Unstable Masks

Unstable Masks:
Whiteness and American Superhero Comics

Sean Guynes and Martin Lund, editors
The Ohio State University Press, Jan. 2020
New Suns: Race, Gender, and Sexuality in the Speculative

CHOICE Outstanding Academic Title for 2020

“Triumphant, provocative, defiant, discipline defining, and paradigm-shifting […] A timely and necessary intervention.” — S.B. Skelton, CHOICEconnect

Reviewed in ImageTexT, American Literary History, New Books Network, SFRA Review, Journal of the Fantastic in the Arts

Buy the book here. If you cannot afford or do not have easy access to the book, please reach out to me for a digital copy.

In Unstable Masks: Whiteness and American Superhero Comics, Sean Guynes and Martin Lund bring together a series of essays that contextualize the histories and stakes of whiteness studies, superhero comics, and superhero studies for academics, fans, and media-makers alike. The volume illustrates how the American comic book superhero is fundamentally a figure of white power and white supremacy and ultimately calls for diversity in superhero comics as well as a democratized media culture.

Contributors not only examine superhero narratives but also delve into the production, distribution, audience, and reception of those narratives, highlighting the imbrication of forces that have helped to create, normalize, question, and sometimes even subvert American beliefs about whiteness and race. Unstable Masks considers the co-constitutive nature of identity, representation, narrative, production and consumption, and historical and cultural contexts in forging the stereotypes that decide who gets to be a superhero and who gets to be American on the four-color pages of comic books.

Table of Contents


Frederick Luis Aldama, Unmasking Whiteness: Re-Spacing the Speculative in Superhero Comics


Sean Guynes and Martin Lund, Not to Interpret, but to Abolish: Whiteness Studies and American Superhero Comics

Part I: Outlining Superheroic Whiteness

Osvaldo Oyola, Marked for Failure: Whiteness, Innocence, and Power in Defining Captain America

Eric Berlatsky and Sika Dagbovie-Mullins, The Whiteness of the Whale and the Darkness of the Dinosaur: The Africanist Presence in Superhero Comics from Black Lightning to Moon Girl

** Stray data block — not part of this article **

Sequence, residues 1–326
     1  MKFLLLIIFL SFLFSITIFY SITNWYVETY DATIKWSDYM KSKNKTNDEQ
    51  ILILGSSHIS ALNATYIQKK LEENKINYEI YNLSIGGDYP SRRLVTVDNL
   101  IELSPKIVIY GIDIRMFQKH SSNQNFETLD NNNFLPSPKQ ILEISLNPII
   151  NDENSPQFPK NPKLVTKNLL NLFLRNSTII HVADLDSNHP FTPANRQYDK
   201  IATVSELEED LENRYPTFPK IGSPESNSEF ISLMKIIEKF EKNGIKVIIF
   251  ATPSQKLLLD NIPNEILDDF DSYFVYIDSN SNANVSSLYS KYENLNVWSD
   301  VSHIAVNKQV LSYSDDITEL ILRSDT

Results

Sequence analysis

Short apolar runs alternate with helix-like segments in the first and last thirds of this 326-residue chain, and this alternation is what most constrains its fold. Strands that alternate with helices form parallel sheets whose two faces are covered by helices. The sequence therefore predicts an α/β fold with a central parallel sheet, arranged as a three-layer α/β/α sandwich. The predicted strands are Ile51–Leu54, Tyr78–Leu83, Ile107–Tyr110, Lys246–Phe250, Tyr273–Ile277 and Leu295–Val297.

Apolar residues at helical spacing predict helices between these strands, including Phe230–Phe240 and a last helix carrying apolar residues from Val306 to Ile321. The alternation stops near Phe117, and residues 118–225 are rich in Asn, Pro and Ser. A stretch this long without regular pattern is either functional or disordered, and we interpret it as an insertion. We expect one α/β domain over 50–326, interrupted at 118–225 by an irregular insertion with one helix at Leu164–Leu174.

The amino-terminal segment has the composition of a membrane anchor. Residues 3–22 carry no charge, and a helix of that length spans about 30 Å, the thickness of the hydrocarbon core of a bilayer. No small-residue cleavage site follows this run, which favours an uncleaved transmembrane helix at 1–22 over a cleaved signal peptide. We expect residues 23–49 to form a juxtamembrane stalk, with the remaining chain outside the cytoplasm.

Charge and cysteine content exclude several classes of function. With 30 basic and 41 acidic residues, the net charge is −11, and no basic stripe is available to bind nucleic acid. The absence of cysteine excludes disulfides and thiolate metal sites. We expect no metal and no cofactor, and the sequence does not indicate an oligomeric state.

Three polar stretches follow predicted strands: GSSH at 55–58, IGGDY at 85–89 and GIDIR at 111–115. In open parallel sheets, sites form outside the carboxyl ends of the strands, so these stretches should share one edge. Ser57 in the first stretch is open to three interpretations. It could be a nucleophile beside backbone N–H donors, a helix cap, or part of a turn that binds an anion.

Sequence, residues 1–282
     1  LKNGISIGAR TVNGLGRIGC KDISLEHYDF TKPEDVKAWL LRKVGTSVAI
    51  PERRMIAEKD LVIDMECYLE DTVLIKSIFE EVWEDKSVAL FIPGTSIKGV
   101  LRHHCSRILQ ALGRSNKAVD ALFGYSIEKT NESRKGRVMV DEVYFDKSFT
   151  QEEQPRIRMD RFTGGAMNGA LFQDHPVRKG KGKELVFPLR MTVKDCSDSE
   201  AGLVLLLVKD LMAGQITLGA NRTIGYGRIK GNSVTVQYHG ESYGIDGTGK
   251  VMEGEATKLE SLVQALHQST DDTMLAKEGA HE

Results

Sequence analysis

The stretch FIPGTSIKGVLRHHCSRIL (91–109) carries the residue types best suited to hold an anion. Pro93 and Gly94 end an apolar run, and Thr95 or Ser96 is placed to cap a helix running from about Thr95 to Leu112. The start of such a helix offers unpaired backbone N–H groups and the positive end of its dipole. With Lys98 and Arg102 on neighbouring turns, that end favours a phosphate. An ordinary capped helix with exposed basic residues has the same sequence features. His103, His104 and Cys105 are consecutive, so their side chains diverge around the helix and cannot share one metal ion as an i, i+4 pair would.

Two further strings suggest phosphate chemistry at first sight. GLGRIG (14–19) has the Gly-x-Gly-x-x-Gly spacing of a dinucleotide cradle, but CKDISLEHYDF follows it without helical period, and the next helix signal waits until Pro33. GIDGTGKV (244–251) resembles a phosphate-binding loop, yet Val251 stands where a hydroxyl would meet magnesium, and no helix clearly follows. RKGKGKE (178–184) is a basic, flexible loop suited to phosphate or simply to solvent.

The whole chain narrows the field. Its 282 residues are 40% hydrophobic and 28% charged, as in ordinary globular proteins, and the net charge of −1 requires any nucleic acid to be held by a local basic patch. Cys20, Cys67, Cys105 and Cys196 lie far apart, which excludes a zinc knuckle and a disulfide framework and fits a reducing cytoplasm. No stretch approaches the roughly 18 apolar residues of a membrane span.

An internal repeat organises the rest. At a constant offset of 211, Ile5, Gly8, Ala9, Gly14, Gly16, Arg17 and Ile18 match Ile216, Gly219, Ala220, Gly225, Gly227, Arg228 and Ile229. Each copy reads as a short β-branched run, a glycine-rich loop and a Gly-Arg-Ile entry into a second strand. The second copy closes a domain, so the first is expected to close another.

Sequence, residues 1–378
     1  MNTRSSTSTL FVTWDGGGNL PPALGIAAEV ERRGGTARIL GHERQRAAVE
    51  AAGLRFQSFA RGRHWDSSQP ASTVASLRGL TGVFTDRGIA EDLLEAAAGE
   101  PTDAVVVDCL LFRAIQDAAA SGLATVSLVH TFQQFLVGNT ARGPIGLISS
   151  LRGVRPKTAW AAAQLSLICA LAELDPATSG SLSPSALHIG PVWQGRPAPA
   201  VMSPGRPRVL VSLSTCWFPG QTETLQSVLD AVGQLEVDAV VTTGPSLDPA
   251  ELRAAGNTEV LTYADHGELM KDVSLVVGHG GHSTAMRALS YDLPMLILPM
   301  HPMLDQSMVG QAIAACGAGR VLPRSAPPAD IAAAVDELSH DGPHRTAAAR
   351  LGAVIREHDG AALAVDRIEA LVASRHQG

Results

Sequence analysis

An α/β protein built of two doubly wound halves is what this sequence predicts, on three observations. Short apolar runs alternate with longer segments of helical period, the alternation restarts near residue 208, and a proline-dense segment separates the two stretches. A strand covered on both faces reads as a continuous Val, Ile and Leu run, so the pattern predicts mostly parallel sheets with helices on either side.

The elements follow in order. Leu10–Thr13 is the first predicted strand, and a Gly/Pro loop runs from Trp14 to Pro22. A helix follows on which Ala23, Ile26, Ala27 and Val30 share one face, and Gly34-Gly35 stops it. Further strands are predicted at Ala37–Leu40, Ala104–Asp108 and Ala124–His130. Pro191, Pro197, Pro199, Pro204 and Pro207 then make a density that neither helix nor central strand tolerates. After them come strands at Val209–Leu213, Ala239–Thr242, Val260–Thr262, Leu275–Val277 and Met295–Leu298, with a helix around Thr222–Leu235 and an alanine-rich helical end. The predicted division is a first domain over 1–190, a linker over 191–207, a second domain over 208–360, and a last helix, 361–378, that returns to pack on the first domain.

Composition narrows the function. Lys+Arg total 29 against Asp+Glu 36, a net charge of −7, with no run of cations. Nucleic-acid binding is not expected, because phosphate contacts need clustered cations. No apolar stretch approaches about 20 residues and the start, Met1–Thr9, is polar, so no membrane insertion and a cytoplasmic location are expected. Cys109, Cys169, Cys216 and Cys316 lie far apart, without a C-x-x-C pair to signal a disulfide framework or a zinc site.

Jeremy Carnes, “The Original Enchantment”: Whiteness, Indigeneity, and Representational Logics in The New Mutants

Olivia Hicks, Fearfully and Wonderfully Made: The Racial Politics of Cloak and Dagger

Shamika Ann Mitchell, Worlds Collide: Whiteness, Integration, Diversity, and Identity in the DC/Milestone Crossover

José Alaniz, Whiteness and Superheroes in the Comix/Codices of Enrique Chagoya

Part II: Reaching toward Whiteness

Esther De Dauw, Seeing White: Normalization and Domesticity in Vision’s Cyborg Identity

Martin Lund, “Beware the Fanatic!”: Jewishness, Whiteness, and Civil Rights in X-Men (1963-1973)

Neil Shyminsky, Mutation, Racialization, Decimation: The X-Men as White Men

Sean Guynes, White Plasticity and Black Possibility in Darwyn Cooke’s DC: The New Frontier

Part III: Whiteness by a Different Color

Yvonne Chireau, White or Indian? Whiteness and Becoming the White Indian Comics Superhero

Matthew Pustz, “A True Son of K’un-Lun”: The Awkward Racial Politics of White Martial Artist Superheroes in the 1970s

Eric Sobel, The Whitest there Is at What I Do: Japanese Identity and the Unmarked Hero in Wolverine (1982)

Jeffrey A. Brown, The Dark Knight: Whiteness, Appropriation, Colonization, and Batman in the New 52 Era


Noah Berlatsky, Empowerment for Some; Or, Tentacle Sex for All